Today, Bar Shalom remains something of an enigma. She lives in the tony Tel Aviv neighborhood of Ramat Aviv, a place without a large religious presence. At times she has been criticized in the haredi world for not being sufficiently religious. And unlike many haredi women who cover their hair completely in accordance with strict observance of Jewish law, Adina wears a hat that shows some of her hair.
Yet she remains very much a part of the Sephardic haredi community. She considers herself Orthodox, and she does not question rabbinical authority — least of all her father’s.
For a long time, Bar Shalom worried that openly expressing her political views would jeopardize the college she founded.
“At one point I was approached with an offer to sign the Geneva accord,” she said of an informal, nongovernmental Israeli peace initiative. She demurred.
“I didn’t want to have the public turn away from me at the expense of the college, which was still a work in progress,” she said. “Now there are other people involved in the college, so I can afford it.”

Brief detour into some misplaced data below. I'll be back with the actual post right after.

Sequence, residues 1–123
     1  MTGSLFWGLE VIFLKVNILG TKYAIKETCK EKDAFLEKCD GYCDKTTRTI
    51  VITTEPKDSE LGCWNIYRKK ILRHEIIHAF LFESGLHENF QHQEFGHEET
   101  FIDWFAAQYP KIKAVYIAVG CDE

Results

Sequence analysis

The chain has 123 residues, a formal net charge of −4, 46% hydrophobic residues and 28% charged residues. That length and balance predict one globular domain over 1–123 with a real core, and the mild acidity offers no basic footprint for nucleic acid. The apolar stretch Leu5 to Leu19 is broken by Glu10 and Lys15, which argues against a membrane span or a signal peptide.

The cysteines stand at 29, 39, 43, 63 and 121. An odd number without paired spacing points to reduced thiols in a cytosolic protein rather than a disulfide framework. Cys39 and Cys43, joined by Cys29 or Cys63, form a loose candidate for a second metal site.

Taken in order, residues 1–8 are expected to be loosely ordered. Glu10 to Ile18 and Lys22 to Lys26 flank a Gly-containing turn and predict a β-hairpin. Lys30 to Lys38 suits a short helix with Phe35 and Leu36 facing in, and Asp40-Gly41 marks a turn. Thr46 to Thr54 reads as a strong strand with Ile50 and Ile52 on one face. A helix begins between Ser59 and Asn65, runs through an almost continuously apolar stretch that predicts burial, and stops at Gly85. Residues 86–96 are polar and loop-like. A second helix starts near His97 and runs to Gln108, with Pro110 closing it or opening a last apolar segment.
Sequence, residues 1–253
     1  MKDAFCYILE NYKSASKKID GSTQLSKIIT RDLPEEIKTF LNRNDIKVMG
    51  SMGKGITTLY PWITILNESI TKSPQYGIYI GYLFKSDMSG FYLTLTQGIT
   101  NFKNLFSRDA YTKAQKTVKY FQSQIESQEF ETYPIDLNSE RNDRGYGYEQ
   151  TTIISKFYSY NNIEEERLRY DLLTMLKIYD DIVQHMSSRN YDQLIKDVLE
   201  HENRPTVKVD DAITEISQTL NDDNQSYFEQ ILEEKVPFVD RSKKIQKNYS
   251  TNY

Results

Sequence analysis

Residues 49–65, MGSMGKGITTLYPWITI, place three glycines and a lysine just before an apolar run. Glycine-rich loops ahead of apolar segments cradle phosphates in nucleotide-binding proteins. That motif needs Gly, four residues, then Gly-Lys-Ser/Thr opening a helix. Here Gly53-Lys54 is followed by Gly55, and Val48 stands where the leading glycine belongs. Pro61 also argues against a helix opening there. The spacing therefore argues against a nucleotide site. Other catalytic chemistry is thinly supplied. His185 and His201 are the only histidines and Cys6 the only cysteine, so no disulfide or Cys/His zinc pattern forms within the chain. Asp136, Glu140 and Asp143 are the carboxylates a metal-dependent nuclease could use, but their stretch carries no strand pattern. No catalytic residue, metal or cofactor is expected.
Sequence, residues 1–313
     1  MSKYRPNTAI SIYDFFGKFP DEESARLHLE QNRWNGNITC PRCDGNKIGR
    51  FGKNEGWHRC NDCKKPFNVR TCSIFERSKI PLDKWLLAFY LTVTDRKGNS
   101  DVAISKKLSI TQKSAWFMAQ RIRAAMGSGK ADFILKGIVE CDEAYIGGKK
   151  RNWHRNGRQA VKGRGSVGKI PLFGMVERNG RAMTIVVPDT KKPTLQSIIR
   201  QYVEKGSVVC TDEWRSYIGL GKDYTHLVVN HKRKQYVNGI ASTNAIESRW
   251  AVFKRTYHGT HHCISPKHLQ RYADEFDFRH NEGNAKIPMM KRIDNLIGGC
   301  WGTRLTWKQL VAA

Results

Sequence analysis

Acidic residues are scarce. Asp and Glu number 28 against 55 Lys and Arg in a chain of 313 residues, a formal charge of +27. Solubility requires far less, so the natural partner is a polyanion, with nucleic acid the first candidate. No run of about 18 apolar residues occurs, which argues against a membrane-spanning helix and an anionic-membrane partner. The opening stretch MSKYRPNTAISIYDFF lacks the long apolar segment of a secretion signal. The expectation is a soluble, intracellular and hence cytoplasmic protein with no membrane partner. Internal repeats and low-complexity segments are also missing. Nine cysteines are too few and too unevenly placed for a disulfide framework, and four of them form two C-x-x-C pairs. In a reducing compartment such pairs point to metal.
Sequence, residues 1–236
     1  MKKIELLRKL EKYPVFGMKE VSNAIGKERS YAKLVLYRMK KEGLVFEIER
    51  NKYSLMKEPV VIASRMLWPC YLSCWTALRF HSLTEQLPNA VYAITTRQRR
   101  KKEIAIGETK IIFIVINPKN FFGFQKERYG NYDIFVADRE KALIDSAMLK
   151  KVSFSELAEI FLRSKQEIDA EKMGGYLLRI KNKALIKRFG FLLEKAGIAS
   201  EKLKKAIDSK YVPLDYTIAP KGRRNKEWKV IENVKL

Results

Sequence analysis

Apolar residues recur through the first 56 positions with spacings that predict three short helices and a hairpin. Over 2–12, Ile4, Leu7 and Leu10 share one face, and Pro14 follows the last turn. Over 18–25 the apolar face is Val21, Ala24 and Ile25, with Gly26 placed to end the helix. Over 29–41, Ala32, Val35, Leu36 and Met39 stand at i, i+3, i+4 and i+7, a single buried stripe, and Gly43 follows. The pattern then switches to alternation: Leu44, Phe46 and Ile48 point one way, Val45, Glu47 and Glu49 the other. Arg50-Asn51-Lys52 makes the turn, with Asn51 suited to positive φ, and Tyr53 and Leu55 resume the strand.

After news spread of her visit last week to Ramallah, a headline in an influential haredi news site, Kikar Hashabat, declared, “Adina Bar Shalom has signed an initiative that supports the return to the ‘67 border.” The article cited an anonymous source at Shas as saying, “No doubt that our Rabbi Ovadia Yosef is not behind this.”
In the peace camp, Bar Shalom’s presence is highly prized.
“She brings us something from a public that is not automatically identified with the peace process,” said a member of Yisrael Yozemet who asked to remain anonymous.
Some in the Israeli left hope that Adina Bar-Shalom’s recent public coming out in support of the two-state solution signifies the re-emergence of “the pragmatic fraction” in Shas, which includes some of the party’s veterans. It’s not yet clear whether or not that’s wishful thinking.
“I still believe that even the current right-wing Shas, if it is presented with a serious peace agreement, will go along with it,” Bar Shalom told JTA.
“People ask me why I do this,” she said. “I have always held these views. It’s the Orthodox public that changed.”
Before leaving the Mukata last week, Abbas paused and turned to Bar Shalom.
“I want to congratulate the daughter of Rabbi Ovadia,” he said, asking her to tell her father that “we believe in peace.”
Later, after sitting down to lunch with Palestinian officials in a session that was closed to members of the media, Bar Shalom sounded an optimistic note.
“I’m happy I came,” she said, marching back toward the bus. “I feel that we have a partner. I don’t know for sure, but I feel it. And I will tell this to my father.”